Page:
(Anchor House @ Bellevue.)

The cemetery, the Fairfield Plantation site, the monument to Charles R. Floyd and the ruins of Bellevue Plantation are now on property owned by Union Carbide; however, permission to gain access was once obtained through Aventis Crop Science USA (formerly Rhone-Poulenc Ag. Company) on Harrietts Bluff Road, Woodbine, Camden County, GA.  Jim Myers, Human Resources/Training Manager at the Woodbine Plant, had the responsibility of maintaining these sites.  For the family reunion held in April each year, he guided Floyd descendants and friends through the isolated woodlands, all the while relating historical background of the area, and best of all, accounts of Floyd lore.

THE FLOYD FAMILY CEMETERY:  Located near the site of the former Fairfield Plantation in Camden County, GA.  Oldest marked grave:  Mary Fendin Floyd (wife of Charles Floyd), who died at Bellevue in 1804.  Second oldest marked grave:  Anne Fendin Maxwell (sister of Mary Fendin Floyd), who died in 1807.  Third oldest marked grave:  William Henry Floyd (son of Charles & Mary), who died at age three in 1811.  Today (April 1999), there are nine visible gravestones within the confines of a low rectangular stone wall.  One grave is so small that it obviously belonged to an infant, however, the lettering is now entirely obliterated.  Eight adult graves remain:  One ground-level slab is illegible:  seven others rest on the tops of raised red-brick beds, and, fortunately, their epitaphs and inscriptions are still legible.

CHARLES RINALDO FLOYD MONUMENT:  Located at the site of the former Fairfield Plantation - a marble monument was placed in honor of Charles Rinaldo Floyd (son of John Floyd & Isabella Maria Hazzard Floyd), who died at age 48 in 1845.  The U. S. Government erected a marble shaft commemorating his patriotic service, his distinguished military career, and his remarkable personal achievements.  According to various Floyd family members, it is uncertain who placed the monument at this spot or when it was erected.  The body of Charles R. Floyd was wrapped in the folds of the U.S. Flag and he was buried under a pine tree adjacent to Fairfield Plantation.

ABOUT THE WALL & THE GATE:  The rectangular wall surrounding the Floyd Family Cemetery was built sometime in the early 1900's.  The new wrought iron entry gate with "Floyd" carved across the top was commissioned and put in place in 1992 by Harry C. Russell Jr. and his brother, James B. F. Russell.

The wall surrounding the Charles Rinaldo Floyd Monument is made out of the same blocks as the wall at the Floyd Family Cemetery.  The gate was purposely removed.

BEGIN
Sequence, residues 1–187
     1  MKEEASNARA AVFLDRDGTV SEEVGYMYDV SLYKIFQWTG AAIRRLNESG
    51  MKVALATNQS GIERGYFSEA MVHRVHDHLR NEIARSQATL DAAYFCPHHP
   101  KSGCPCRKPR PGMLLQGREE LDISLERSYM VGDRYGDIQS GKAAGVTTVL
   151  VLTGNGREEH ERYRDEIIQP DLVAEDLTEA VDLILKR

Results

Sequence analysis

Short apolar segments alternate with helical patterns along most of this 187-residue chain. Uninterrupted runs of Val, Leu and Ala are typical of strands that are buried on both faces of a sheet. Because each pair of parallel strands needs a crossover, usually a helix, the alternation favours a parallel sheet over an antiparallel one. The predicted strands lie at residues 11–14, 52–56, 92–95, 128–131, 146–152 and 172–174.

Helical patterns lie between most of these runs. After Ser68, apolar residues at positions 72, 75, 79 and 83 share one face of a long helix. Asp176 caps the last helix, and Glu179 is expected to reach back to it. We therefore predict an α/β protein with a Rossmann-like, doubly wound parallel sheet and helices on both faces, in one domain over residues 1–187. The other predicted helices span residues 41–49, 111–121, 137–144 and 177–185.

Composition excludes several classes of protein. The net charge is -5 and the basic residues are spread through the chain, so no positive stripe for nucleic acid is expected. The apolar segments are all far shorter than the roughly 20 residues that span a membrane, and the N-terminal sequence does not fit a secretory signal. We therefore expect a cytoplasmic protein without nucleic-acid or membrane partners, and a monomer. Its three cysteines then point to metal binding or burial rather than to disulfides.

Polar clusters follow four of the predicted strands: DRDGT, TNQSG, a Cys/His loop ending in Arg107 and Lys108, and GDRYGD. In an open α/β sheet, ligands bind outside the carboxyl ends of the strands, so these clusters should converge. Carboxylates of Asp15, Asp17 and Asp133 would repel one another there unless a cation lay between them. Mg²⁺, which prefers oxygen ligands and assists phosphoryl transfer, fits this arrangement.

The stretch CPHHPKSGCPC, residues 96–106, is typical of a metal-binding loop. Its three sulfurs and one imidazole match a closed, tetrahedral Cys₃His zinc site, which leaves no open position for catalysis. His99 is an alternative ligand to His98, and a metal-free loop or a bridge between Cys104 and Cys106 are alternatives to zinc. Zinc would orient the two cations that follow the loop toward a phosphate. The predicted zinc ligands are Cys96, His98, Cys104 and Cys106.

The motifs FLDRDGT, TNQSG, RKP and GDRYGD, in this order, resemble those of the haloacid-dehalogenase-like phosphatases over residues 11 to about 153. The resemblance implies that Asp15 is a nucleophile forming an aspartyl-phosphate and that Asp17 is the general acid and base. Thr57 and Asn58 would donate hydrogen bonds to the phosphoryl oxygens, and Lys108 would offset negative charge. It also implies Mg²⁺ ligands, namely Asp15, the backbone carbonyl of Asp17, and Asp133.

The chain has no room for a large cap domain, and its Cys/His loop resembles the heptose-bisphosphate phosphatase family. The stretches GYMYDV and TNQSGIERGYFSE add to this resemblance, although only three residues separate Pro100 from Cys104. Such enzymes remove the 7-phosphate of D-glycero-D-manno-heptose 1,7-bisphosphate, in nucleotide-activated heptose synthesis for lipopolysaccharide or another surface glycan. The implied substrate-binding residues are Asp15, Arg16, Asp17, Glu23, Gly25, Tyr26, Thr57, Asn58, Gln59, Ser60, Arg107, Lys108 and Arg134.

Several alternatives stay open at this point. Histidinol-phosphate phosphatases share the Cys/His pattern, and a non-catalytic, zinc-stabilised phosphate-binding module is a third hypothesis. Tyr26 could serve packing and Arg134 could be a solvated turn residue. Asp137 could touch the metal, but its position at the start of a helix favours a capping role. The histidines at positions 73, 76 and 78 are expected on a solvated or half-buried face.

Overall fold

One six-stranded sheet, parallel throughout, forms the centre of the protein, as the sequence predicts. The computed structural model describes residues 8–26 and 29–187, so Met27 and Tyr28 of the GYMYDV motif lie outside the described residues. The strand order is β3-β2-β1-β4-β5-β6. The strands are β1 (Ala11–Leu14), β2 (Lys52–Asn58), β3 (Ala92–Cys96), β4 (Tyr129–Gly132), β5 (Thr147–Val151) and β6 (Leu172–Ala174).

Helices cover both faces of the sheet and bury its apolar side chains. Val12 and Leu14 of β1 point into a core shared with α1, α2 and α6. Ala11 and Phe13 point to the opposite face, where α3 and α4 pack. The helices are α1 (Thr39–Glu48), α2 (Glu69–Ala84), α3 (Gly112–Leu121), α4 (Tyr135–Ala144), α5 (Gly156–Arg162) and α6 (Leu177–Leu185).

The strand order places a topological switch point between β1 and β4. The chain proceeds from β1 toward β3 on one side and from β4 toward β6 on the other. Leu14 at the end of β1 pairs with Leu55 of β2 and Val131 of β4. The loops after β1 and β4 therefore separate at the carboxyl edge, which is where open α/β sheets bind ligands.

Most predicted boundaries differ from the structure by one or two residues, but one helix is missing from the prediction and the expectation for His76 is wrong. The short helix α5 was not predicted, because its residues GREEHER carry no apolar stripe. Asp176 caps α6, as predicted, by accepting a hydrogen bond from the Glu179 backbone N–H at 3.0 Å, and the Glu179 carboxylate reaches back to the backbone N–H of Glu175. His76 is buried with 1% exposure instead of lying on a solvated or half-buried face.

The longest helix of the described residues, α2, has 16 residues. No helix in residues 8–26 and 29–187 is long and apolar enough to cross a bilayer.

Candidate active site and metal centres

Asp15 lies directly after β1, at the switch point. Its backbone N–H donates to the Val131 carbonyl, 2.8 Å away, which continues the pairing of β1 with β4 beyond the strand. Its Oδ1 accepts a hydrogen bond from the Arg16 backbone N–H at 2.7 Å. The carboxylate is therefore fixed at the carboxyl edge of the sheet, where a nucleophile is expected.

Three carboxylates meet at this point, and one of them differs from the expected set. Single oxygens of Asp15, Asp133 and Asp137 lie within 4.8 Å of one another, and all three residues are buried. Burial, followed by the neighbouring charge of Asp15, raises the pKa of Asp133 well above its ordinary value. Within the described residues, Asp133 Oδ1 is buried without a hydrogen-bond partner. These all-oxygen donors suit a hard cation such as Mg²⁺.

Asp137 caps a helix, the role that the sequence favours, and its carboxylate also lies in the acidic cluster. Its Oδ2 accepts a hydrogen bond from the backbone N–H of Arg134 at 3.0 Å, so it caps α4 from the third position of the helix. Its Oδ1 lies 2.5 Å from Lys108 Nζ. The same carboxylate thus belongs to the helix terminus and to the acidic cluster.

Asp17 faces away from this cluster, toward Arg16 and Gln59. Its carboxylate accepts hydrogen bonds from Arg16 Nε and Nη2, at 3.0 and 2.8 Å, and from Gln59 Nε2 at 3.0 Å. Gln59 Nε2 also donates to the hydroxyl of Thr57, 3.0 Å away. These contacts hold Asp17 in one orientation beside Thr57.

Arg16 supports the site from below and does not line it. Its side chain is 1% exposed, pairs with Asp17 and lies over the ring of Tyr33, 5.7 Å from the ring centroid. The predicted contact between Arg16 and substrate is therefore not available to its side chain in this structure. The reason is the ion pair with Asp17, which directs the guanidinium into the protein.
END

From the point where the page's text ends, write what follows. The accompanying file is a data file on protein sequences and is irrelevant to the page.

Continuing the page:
Phone conversation in November 1999 with James "Jim" Boog Floyd Russell. White Oak. GA:  "Around the early 1900's Harry C. Russell Sr., James F. Russell, Harry Noyes, Hazel Noyes, Frank Noyes and perhaps Marmaduke Floyd, decided that something had to be done regarding the Floyd Family Cemetery.  The cemetery had fallen into a state of sad disrepair.  Tombstones were vandalized, broken into and some were left in broken pieces.  They marked off what was left of the areas which had visible remaining graves, arranged the scattered bricks in their proper places, straightened out the slabs that were askew and placed them back into alignment on their red-brick beds.  They put up a wall using John Swan Russell's block molding device.  These home-made blocks were twice the size of cinder blocks, had a wavy type of pattern, beveled edge, and convex front.  When I [Jim B.F. Russell] grew up at Incachee - they still had that mold for making the blocks.  The blocks were made of sand and cement.  They got the sand right there at the cemetery site.  They took the cement and the mold by boat to Floyd's Creek - landed at Fairfield Point.  Nearly every place in Camden County was accessible by boat.  The cemetery is about 100 to 150 yards from the bluff at Fairfield Point and it was fairly easy to deal with the cement and the equipment.  The mold was a trough of metal in which one poured the concrete.  The blocks were loosened and then they slid out.  The process was repeated:  Pour in another batch until there were enough blocks.  The Russell [John Swan Russell] house in St. Marys, GA, was made of these special blocks.  The reasons for putting up a wall were to discourage vandalism and the Floyds knew that this land was to be sold and they wanted to establish and lay claim to the area by surrounding the cemetery with a wall.  The plan to fix the tombstones and put up a wall emanated from a meeting of the Floyd family members in St. Marys.  Although, many years after the new wall was in place, sometime during the 1930's, the vandalism still occurred.  People in the area heard about the lifestyle of General John Floyd and they dug up the graves hoping to find gold or jewelry - but they found only brass buttons."